Is there a need to reform the contestation right of an insolvency administrator in the case of wilful disadvantage to other creditors (Vorsatzanfechtung) under German Insolvency law?

This post was also written by Artur Korn. If you are a creditor of an insolvent German company, you may have come across the following difficult phenomenon: your contractual counterparty is unable to pay outstanding debts when they become due. In order to maintain the business relationship you could agree to terms of payment entitling … Continue Reading

October Newsletter

Reed Smith’s global Commercial Restructuring & Bankruptcy team have recently published the October Edition  of their quarterly newsletter.  The newsletter provides a detailed review of some of the most important legal developments in the sector.  The October edition covers diverse areas from the use of schemes of arrangements in England to attorney-client privilege issues in … Continue Reading

Continuity of certain essential IT supplies to insolvent business

This post was written by Monika Kuzelova. Introduction The consultation on the new powers introduced by the Enterprise and Regulatory Reform Act 2013 to help ensure the continuity of certain essential IT supplies to insolvent business closed today, 8 October. Section 233 of the Insolvency Act 1986 (the “Act”), currently allows for an administrator to … Continue Reading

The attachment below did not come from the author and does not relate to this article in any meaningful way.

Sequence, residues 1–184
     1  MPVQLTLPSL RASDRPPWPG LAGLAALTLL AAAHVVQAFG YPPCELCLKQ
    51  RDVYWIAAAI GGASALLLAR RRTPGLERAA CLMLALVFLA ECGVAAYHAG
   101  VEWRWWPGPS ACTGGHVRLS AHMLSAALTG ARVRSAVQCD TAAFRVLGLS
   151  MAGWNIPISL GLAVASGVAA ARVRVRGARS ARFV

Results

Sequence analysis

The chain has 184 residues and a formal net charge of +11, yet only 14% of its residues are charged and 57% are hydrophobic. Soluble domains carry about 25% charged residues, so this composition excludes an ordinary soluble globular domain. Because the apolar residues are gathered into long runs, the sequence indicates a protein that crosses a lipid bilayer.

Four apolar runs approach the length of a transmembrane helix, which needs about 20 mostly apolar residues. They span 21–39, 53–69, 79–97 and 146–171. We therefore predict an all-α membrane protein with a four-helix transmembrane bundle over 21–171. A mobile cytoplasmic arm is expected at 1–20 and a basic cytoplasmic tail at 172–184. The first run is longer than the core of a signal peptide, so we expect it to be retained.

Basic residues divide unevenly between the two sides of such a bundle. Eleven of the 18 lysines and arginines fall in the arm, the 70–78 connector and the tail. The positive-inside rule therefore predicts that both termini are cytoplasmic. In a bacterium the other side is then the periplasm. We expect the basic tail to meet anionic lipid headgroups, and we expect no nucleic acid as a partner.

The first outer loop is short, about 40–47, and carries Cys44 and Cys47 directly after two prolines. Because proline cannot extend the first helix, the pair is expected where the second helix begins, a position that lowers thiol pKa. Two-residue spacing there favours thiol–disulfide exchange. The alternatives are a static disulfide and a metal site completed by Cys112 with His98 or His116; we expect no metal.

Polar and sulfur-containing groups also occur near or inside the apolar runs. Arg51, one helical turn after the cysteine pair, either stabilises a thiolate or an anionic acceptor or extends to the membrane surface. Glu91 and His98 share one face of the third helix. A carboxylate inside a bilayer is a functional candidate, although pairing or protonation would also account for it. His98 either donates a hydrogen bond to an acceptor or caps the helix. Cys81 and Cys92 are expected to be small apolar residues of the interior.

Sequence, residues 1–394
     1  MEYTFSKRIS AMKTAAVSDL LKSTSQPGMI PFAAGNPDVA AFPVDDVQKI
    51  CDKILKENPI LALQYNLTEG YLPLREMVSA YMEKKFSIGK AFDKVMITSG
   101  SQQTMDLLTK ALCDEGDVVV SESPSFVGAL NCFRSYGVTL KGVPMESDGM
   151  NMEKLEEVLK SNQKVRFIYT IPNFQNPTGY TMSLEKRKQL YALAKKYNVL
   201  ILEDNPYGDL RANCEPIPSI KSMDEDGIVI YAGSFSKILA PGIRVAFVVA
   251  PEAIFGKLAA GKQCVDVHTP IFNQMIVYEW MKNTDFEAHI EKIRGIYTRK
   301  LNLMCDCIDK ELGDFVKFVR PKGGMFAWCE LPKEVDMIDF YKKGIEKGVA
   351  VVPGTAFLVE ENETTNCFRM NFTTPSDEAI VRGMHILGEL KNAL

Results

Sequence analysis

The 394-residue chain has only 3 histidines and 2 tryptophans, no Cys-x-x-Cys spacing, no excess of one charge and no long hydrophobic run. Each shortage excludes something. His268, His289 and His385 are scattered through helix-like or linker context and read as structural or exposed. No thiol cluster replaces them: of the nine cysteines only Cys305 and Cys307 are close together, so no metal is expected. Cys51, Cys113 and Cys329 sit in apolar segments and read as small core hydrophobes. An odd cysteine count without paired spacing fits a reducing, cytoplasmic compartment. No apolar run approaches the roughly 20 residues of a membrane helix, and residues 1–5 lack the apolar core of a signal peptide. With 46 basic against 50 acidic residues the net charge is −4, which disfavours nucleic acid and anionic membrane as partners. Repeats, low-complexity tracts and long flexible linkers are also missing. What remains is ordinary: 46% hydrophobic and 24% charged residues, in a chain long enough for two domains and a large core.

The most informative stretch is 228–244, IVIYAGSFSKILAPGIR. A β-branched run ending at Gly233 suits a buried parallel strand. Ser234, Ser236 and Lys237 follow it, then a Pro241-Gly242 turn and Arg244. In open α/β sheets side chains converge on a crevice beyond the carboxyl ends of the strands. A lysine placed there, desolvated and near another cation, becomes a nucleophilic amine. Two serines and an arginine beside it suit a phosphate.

Litigation Funding: No Extension to the Insolvency Exemption

As readers may be aware, general changes to the ability to recover litigation funding under certain mechanisms came into general effect in 2013 pursuant to the Legal Aid, Sentencing and Punishment of Offenders Act 2012 (‘LAPSO’).  However, the insolvency profession has benefited from an extended period before the relevant changes will take effect on insolvency … Continue Reading